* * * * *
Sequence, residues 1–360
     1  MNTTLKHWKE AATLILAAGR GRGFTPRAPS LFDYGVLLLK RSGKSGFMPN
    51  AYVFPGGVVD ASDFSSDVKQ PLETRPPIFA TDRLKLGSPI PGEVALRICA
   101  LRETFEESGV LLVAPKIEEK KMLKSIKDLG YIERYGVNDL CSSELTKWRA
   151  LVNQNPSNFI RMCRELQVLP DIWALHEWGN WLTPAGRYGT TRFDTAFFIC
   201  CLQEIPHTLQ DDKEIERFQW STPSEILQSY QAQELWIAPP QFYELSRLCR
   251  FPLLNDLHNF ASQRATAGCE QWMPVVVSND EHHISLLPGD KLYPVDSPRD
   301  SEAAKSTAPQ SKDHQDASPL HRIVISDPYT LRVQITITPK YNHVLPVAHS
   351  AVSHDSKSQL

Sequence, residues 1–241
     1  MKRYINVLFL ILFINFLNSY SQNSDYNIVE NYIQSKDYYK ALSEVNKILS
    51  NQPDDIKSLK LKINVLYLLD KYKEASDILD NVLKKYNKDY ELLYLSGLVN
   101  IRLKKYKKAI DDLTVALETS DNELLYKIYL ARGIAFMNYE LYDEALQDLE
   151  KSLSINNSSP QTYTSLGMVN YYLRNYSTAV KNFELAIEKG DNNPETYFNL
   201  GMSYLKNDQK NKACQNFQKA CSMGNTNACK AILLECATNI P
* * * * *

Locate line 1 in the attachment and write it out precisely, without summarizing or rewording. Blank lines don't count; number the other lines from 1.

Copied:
Sequence, residues 1–360